Interview with Erin Pringle

Jen: Today we are pleased to have Erin Pringle join us. Erin, will you please share a short bio with us?
Erin: I grew up in a small town in Illinois and graduated from Indiana State University in 2003. I then migrated to Texas where I got my Master of Fine Arts in Creative Writing at Texas State University where I still teach.

Jen: Tell us about The Floating Order and where it’s available.
Erin: The Floating Order is a collection of 19 short stories published by Scotland-based Two Ravens Press. Many of the stories center on children, whether the story is told by a child narrator or about a child who has grown up into an adult, for example one story is a child’s experience of being kidnapped and a later story is told by the daughter of that child who has since grown up. Images that begin in the title story echo throughout the other stories and vice versa. The book is available in many online bookstores and can be ordered through your local bookstore.

Jen: At what age did you discover writing and when were you first published? Tell us your call story.
Erin: I won a short-story competition in first grade with a story I wrote about a church mouse who lived in a teacup. Previous to that I would tell my mother stories and she would “translate” them and we’d make little books of them (this was before I knew how to write). My first publication was when I was 18 in an online journal named Drunk Duck; it was an excerpt from a novel I was writing. One of my stories had been previously accepted for publication but that magazine went under before the story came out, which is, unfortunately, common.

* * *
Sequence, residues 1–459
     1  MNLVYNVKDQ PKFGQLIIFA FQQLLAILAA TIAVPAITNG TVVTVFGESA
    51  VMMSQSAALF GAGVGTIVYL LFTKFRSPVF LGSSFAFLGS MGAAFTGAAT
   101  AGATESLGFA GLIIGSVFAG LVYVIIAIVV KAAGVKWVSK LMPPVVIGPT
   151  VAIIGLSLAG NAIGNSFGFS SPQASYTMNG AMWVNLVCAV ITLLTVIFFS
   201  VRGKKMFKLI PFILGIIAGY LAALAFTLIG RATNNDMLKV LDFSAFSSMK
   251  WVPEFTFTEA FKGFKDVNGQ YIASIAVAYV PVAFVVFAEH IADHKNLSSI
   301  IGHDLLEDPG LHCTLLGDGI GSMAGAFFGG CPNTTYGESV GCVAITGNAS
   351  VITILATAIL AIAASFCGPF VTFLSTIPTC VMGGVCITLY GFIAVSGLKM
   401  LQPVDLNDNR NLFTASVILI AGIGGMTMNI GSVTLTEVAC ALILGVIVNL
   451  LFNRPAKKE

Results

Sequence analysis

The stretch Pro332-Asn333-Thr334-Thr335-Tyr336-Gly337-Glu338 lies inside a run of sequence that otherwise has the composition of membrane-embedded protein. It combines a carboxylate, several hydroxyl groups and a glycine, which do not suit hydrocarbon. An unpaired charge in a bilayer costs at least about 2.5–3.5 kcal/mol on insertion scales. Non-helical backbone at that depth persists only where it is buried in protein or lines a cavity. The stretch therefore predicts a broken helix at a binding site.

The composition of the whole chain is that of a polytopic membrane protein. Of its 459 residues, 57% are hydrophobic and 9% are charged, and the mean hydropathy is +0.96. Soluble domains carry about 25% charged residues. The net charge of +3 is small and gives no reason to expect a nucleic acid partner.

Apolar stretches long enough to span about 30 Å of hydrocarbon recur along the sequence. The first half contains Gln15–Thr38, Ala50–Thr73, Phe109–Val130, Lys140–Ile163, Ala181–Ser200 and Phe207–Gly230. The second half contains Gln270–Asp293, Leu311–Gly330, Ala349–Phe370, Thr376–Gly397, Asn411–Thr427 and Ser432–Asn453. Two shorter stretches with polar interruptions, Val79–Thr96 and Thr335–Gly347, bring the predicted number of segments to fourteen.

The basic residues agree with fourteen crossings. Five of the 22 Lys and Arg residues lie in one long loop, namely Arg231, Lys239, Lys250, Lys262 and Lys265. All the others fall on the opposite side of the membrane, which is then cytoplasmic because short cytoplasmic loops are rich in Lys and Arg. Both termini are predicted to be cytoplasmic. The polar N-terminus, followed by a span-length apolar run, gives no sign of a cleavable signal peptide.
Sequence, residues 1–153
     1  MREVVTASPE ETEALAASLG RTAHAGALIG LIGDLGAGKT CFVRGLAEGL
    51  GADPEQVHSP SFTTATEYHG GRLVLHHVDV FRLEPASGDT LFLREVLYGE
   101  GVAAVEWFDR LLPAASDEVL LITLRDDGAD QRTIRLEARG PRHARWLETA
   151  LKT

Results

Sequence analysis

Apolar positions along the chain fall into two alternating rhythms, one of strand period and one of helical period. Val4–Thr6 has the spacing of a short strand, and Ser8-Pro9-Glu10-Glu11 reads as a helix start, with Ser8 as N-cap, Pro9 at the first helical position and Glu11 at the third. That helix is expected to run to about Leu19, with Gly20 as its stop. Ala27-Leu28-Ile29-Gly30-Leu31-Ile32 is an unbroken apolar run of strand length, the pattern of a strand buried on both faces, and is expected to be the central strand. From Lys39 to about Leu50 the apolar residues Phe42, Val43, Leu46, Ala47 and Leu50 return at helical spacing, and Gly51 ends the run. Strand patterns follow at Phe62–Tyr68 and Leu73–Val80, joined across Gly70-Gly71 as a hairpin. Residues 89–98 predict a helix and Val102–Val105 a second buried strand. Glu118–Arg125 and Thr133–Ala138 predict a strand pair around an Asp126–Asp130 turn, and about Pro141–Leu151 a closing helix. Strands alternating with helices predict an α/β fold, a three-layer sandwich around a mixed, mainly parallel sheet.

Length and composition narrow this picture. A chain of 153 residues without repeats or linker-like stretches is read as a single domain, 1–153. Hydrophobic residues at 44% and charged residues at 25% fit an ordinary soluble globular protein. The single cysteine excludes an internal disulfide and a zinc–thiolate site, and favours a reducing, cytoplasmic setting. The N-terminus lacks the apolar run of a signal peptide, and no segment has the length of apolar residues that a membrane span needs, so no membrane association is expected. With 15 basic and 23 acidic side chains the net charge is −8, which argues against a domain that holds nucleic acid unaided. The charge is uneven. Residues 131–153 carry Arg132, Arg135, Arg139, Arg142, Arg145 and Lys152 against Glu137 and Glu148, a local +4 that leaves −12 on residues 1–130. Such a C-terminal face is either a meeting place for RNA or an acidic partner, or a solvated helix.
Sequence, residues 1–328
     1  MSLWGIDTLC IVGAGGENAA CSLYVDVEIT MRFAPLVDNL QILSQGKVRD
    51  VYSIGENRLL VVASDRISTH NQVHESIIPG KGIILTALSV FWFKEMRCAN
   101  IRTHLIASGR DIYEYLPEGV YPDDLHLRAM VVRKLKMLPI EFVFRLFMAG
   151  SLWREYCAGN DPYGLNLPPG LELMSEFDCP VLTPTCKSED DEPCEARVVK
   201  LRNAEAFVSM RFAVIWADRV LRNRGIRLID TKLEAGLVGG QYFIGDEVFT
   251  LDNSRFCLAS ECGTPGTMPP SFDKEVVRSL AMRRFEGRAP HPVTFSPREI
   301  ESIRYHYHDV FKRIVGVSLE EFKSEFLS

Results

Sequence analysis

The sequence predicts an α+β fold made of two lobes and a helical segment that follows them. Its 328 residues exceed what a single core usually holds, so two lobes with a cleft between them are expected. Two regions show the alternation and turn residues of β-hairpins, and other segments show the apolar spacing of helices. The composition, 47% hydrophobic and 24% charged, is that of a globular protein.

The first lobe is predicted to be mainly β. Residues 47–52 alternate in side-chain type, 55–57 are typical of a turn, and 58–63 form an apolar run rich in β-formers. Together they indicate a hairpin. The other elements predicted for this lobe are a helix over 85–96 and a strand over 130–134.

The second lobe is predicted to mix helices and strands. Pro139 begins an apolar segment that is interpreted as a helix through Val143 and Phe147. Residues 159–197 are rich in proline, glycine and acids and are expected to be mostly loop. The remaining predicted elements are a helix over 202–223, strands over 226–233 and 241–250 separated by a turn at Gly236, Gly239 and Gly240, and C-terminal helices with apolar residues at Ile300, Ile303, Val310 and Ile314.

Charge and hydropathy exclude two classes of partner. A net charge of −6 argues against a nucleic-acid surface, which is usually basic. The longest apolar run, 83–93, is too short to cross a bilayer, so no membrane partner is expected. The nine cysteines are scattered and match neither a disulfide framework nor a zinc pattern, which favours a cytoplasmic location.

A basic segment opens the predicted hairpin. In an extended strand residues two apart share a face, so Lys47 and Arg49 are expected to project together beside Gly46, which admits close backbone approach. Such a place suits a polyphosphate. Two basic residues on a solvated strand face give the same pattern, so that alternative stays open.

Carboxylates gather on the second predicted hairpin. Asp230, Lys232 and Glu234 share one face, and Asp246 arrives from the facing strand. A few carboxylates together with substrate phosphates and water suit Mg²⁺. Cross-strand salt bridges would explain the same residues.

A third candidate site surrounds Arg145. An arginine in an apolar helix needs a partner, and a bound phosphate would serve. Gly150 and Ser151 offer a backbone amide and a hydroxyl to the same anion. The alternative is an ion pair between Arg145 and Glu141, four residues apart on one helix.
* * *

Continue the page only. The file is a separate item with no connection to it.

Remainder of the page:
Jen: Have you noticed your writer’s voice has changed over the years due to your experience? If so, how?
Erin: The main change I’ve noticed is that every story is becoming far more difficult to write. I’m much more selective in what stories I’ll stick with. I used to be able to take almost any image that interested me, or any sentence that had a compelling rhythm, and fly with that. I can still do that, but because it’s so easy to do, I’ve become far stricter with what I’ll take my time with and what I’ll discard halfway through. I spend an enormous time with every story and so, in a way, I’m not going to waste paint just because I know I can paint a picture.

Jen: Do you have a writing routine? Do you have a specific time or place that you write?
Erin: Because I teach, I don’t write during the semesters because I can’t be both a good teacher and a good writer, as I’ll either shortchange my students or my stories by trying to do both. And, again, one story requires so much time that I need to have long stretches of time for focus. I tend to write at a local coffee shop, and wrote most of The Floating Order at the coffee shop. I just bought a typewriter and a used child’s school desk, so I plan on writing more at home, but we’ll see how well that goes.

Jen: How do you pick the character’s names?